Stagewerx and SF Olympians Festival go big
It’s been a turbulent year for independent theatre and its venues. In truth, every year is. But there have been some notable successes too. Boxcar Theatre’s addition of a new studio space on Hyde Street. Bindlestiff Theatre’s move into a new permanent space. Pianofight’s acquisition of the old Original Joe’s in order to create a hybrid performance space-kitchen-bar right on the cutting edge of the downtown theatre district.
And just in case you’d missed it, this is the month that Stagewerx, which has been occupying the literal theatrical underground in the basement of 533 Sutter since 2007, has opened the doors of its community-supported digs at 446 Valencia — the old Intersection for the Arts space.
Following a big-ticket Kickstarter campaign* and months of hard labor, rebuilding one venue from scratch while running another, the Stagewerx crew’s labor of love has finally put down its expansive roots in the Mission District.
It was a low-key but convivial christening, a bevy of Stagewerx supporters and performers (and supporter-performers) poking around the nooks and crannies of the strangely familiar, yet revitalized space. The evening’s emcee, Mikl-em, presided over a variety show of musicians and comedians (and musician-comedians), including a special guest appearance from Carol Channing, as well as one by Sean Owens, who mysteriously often appears on the same bill as Channing. (It’s rumored they share a booking agent.)
Other acts included Circus Finelli, Tom Sway from Undergroud Sound, Joe Klocek from Previously Secret Information, Tom Jonesing, Don Seaver, and Gerri Lawlor. No sooner was the party over, Stagewerx hit the ground running with a Monday performance of the Picklewater Clown Cabaret and a four-weekend whirlwind of sketch comedy dubbed PanderFest 2011, co-starring Pianofight’s Mission CTRL and Crisis Hopkins.
Meanwhile downtown, another theatre festival of quietly epic proportions. The SF Olympians Festival, opened with staged readings of new full-length plays by Thunderbird Theatre Company and Megan Cohen and a veritable constellation of shorts, kicking off a four-weekend run of its own on the EXIT Theatre mainstage.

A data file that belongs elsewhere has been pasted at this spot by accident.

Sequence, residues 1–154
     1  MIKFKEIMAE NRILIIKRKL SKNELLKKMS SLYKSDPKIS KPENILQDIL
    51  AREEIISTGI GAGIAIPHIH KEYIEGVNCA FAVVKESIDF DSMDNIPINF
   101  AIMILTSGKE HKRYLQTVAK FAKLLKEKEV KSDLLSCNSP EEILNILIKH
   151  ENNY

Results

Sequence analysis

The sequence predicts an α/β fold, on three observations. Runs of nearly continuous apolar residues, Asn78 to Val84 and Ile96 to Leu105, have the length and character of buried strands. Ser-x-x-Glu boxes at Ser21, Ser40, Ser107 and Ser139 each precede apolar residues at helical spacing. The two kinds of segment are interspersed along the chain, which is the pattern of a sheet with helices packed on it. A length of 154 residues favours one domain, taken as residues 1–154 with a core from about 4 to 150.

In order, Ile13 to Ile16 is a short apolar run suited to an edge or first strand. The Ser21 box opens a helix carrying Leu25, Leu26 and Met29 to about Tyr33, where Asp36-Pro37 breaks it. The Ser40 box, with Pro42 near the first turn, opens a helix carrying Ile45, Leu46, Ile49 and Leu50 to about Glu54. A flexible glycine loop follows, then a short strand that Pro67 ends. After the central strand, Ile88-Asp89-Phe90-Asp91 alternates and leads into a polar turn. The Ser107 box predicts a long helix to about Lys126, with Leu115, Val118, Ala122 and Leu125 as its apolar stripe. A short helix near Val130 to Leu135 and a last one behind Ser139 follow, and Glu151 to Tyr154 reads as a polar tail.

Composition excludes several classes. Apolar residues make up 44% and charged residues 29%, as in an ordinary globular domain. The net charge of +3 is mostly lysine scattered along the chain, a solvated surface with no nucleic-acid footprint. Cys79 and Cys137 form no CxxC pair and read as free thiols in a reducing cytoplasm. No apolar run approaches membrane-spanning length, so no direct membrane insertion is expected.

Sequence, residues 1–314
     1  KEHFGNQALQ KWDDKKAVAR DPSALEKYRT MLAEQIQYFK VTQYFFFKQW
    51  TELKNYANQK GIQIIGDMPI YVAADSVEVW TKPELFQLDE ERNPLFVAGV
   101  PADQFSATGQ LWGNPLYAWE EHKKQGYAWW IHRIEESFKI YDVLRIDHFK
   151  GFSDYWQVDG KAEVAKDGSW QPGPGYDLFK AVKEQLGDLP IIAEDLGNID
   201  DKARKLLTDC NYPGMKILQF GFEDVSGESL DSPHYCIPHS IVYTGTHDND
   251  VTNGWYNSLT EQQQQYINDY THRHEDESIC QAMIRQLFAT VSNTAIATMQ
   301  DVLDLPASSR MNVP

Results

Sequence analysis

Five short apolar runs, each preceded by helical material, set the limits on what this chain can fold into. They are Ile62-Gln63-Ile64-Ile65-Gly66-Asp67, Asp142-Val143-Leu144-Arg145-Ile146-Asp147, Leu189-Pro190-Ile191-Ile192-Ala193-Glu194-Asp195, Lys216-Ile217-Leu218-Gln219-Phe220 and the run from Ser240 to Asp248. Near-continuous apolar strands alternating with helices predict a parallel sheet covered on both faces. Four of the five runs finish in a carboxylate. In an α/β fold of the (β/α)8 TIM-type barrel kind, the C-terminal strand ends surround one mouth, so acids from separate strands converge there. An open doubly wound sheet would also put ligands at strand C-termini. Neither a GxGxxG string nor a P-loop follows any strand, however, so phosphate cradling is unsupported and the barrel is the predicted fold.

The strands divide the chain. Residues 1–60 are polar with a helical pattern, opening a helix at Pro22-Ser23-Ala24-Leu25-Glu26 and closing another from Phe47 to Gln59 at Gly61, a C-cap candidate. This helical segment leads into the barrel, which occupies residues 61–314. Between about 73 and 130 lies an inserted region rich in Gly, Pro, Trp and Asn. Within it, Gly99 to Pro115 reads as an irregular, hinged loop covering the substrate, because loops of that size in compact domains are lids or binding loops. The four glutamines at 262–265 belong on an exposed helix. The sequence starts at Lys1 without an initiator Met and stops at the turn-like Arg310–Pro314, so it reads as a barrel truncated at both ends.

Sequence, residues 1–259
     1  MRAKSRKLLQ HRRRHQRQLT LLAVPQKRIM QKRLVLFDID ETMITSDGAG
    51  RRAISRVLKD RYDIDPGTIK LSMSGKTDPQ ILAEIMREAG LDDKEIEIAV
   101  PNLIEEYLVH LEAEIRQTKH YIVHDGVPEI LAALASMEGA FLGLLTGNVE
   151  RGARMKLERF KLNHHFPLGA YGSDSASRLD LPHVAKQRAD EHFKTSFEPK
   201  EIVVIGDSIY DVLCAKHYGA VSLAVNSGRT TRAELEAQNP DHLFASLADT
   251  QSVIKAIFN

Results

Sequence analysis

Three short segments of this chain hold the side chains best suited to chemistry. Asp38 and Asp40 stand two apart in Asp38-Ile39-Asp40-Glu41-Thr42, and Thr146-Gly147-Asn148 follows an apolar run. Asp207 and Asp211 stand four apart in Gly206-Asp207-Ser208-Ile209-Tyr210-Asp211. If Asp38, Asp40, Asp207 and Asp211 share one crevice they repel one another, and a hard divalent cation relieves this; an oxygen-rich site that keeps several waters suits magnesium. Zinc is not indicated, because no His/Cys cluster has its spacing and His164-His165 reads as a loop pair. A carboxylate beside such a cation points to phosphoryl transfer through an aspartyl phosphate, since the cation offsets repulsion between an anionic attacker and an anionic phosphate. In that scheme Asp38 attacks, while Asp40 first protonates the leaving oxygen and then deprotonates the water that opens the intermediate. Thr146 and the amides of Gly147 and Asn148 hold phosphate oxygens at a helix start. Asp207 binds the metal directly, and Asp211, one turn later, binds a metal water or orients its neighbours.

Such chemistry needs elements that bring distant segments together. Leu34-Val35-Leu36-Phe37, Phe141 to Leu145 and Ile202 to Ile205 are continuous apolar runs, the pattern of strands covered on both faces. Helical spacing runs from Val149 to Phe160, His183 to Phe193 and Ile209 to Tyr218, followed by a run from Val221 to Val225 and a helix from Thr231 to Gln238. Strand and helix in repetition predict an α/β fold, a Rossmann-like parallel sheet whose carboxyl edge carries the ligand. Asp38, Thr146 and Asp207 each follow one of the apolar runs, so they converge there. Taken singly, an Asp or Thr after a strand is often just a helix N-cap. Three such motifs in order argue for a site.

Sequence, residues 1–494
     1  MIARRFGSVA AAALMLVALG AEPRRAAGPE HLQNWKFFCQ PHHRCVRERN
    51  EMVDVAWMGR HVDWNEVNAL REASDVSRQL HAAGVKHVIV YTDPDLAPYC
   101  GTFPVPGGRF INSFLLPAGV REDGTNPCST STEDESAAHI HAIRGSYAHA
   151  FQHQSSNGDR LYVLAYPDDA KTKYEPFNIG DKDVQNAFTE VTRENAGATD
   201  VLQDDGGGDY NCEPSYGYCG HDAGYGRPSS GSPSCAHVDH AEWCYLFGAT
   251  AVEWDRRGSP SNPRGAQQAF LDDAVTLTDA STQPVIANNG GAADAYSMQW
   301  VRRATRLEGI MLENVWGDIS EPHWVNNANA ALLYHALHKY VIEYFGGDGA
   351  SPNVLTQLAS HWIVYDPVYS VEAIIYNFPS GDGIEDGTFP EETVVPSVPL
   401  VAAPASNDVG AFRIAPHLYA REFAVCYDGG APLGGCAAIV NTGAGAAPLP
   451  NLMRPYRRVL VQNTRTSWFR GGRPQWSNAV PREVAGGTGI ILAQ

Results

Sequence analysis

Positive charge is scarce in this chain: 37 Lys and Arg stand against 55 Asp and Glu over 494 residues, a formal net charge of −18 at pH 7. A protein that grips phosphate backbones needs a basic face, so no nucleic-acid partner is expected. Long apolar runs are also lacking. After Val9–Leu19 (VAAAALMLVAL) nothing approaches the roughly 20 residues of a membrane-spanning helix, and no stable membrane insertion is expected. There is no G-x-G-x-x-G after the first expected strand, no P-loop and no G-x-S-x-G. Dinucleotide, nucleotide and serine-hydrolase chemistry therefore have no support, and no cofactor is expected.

In its second year, the SF Olympians Festival uniquely fuses ancient Greek mythology with modern-day theatre-making, with each play featuring a different mythological figure—from Andromeda to Zephyrus—and a different local playwright (there are 29 represented in this festival of 32 plays).
On Friday, a three-play bill of two shorts and one full-length work debuted, thematically clustered around Orion, one of the most recognizable of all constellations. Claire Rice’s very short, “Dog Day”, starred Benji Cooper as Canis, who morphed into the narrator of stage directions for Megan Cohen’s full-length “Hunter and Hunted,” which turned the Orion myth into an updated crime noir.
Starring Matt Gunnison as the beleaguered “Joe Ryan,” an old-school detective on the trail of the Scorpio gang, Cohen’s often humorous play turned the otherwise familiar streets of San Francisco, from North Beach to the Panhandle, into a giant playground for the infamous Scorpio gang.
Rounding out the evening with a case of constellation envy was “Scorpio,” a short penned by Seanan Palermo, starring an exasperated John Lennon Harrison as the titular character, fruitlessly pursuing Orion across the deserts of Arizona. There’re still three weekends left of the festival, each night more ambitious than the last, and at just ten bucks a pop, repeat visits are not only possible, but recommended.
*Full disclosure, the author of this piece made a kickstarter donation to the Stagewerx campaign.
Through Oct. 29
Various times, $20
446 Valencia, SF
SF Olympians Festival
Through Oct. 29
Various times, $10
156 Eddy, SF